In his 1996 essay, at the infancy of the Internet, Bill Gates asserted that the big business will be generated by content production, not technology services. He seems to have been right. Our colleague, Dr. Robert Dobay has just returned from Unleash Global in Paris, the expo formerly named HR Tech. He had the feeling that LMS (Learning Management System) is now the hot topics in large corporations, so they intend to answer the challenges of digitalisation by providing grandiose, integrated software frameworks for learning and development. Of course, these are great tools with smart design. However, most of the time the existing learning materials are shoved into these state-of-the-art systems with their outdated teaching methodology. Now users can watch the same lengthy video lectures and/or PowerPoint presentations, or read extensive, detailed documents in the newly implemented LMS solution. And upon completion of the learning unit, they can pass or fail a test that attempts to check their understanding or memory. Not much is done about application of knowledge or change of behaviour. Okay, there are probably exceptions, but this is the most widespread approach today.
Imagine yourself going to a fine dining restaurant located in a beautiful bay with your romantic partner. The terrace has a scenic sea view: the azure waters and rocky shores are really breathtaking. The horizon is painted by the golden colours of sunset. Your table is lit by candles, J.L. Coquet french porcelain tableware and silver cutlery make the dining experience perfect. The waiter pulls out the chairs for you to sit down and wait for the degustation menu. The items appear in sequence: peanut butter and jelly sandwich for starter, a Big Mac menu with large fries as the main dish, and Oreo cookies for dessert. The crystal wine glass is refilled every time you empty it, with a 2 Euro rosé from the bottom shelf of a discount supermarket chain. Content is really king, I’m afraid.
It’s not at all an easy job to develop good quality, integrated IT systems, construct interiors with cosy atmosphere, or design aesthetic and attractive packaging. However, it’s even more tiresome and resource intensive to produce great content to fill them with.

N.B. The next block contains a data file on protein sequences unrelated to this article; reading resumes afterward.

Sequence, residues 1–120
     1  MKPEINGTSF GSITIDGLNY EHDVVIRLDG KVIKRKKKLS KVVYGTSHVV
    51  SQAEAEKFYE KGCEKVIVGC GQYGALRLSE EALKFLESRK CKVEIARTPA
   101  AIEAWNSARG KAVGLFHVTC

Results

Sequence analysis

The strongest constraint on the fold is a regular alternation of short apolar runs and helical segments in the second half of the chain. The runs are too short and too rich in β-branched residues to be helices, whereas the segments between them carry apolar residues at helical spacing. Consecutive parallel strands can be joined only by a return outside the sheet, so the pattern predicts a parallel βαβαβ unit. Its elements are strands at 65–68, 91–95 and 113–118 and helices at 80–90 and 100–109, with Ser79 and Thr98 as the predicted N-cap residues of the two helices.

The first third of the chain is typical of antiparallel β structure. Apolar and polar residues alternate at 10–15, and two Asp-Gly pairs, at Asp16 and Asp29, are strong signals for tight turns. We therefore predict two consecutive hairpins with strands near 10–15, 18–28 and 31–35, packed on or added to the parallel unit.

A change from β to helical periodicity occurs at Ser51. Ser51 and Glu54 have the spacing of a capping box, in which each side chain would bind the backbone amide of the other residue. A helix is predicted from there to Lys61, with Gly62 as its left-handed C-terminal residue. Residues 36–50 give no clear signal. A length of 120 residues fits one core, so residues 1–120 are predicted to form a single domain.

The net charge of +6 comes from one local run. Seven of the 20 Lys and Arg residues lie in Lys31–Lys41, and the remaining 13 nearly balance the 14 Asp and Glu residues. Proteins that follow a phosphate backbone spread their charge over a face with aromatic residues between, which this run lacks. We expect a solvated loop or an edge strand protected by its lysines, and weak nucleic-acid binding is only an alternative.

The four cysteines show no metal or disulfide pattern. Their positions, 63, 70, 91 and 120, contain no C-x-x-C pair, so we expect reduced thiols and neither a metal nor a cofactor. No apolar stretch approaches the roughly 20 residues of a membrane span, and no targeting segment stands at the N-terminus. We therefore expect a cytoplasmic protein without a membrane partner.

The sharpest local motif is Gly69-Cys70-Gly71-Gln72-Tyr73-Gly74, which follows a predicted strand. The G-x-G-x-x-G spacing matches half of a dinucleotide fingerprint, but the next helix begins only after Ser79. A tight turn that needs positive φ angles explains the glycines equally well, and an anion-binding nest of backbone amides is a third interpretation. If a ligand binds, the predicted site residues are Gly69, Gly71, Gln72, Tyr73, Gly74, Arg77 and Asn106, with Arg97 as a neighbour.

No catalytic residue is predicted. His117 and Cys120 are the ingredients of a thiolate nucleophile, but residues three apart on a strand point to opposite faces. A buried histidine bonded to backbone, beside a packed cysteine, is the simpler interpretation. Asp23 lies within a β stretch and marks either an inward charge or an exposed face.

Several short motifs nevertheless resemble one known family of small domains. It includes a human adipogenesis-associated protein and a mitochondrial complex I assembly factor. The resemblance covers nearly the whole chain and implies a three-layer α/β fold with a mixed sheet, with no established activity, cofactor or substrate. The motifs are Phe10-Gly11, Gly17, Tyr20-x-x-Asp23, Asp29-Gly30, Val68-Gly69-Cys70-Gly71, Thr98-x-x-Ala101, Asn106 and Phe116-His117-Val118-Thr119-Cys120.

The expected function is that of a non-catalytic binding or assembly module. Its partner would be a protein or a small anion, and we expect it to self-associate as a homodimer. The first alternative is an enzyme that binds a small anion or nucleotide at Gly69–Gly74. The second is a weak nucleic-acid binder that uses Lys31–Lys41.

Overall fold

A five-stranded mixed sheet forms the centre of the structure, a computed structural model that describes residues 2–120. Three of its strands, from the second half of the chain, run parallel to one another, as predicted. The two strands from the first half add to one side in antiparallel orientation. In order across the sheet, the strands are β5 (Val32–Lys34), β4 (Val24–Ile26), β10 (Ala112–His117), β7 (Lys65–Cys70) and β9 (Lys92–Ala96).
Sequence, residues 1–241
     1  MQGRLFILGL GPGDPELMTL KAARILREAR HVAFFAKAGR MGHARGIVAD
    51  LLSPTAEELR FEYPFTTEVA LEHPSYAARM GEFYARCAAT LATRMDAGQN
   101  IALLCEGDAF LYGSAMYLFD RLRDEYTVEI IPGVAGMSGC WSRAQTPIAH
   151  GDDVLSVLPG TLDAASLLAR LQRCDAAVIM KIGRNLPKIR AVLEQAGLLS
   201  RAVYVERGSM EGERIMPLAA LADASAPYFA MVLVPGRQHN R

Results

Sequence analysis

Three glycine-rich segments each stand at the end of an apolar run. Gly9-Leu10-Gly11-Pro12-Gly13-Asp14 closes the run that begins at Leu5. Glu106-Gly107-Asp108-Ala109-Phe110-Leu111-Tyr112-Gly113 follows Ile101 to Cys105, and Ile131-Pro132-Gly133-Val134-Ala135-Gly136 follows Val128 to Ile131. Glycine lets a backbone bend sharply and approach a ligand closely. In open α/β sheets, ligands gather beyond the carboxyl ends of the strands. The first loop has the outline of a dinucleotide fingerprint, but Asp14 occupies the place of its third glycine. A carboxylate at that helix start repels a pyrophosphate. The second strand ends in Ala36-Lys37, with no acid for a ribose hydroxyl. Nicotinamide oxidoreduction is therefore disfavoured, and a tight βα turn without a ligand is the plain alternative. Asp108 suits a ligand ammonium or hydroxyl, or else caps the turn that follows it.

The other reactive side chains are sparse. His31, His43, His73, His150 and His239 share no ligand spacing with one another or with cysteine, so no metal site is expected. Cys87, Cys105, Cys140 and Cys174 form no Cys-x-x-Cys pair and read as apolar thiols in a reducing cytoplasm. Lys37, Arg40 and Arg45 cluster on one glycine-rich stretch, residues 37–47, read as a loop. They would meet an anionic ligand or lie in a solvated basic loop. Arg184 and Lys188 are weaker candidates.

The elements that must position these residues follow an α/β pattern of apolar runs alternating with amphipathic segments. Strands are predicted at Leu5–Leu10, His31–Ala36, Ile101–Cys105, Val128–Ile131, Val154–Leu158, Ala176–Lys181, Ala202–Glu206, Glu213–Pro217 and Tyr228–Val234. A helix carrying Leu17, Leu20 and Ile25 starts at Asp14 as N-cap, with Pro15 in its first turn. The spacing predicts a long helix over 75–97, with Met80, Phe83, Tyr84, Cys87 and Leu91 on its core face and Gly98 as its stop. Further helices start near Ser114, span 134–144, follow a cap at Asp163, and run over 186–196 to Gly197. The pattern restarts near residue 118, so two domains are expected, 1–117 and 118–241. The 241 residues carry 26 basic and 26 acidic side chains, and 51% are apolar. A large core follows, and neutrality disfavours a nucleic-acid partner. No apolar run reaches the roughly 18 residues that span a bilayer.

Lately, we have invested a lot of time in analysing the usage statistics of Act2Manage app. The most recent analysis investigated how the users of our leadership development application rated the 3-5 minute microlearning contents. Four years ago, we developed a screen into the 1.0 version where the users could evaluate at the end of the leaning cycle how useful and relevant they found the suggestions and action ideas. Despite the fact that we don’t really believe in such rating scales, in the beginning we wanted to find out if the users confirm our hypotheses behind content development. We checked the evaluations a number of times back then and found that they were all right. But now we had several years’ data at hand to review. We were very pleased with what we saw: our users evaluated 121 microlearning contents. 97% of the ratings were between 4.0 and 5.0 on a scale of 1-5, while 79% was above 4.5.
While we were only hoping to get such good feedback during content development, we did as much as we could to create real value for our users. Although we had over 1.000 posts on our leadership blogs and had written a couple of e-books on people management, we did not copy-paste a single sentence from existing materials. We wrote about 3.000 short paragraphs from scratch optimised for microlearning, altogether the text size of a 250-300 page book. Each content went through 4 stages/versions of content refining before it was finally approved for publication in the app. We often argued over words or sentences until one of us could convince the other. Action ideas were debated until we both believed that they are practical enough and realistic to implement. In the background laid our decades of consulting and management experience, as well as hundreds of leadership books we have read over those years. Half a year of intensive work was invested in content development. The evaluations reassured us that it was worth the effort.
No doubt, Learning Management Systems are very useful, but they are far from being sufficient, if we really want to achieve something tangible in learning. A huge amount of energy needs to be invested in content creation and learning methodology development in addition to systems implementation. This is a long way for companies to go. Respect for all the organisations who have already taken the first steps on the road.
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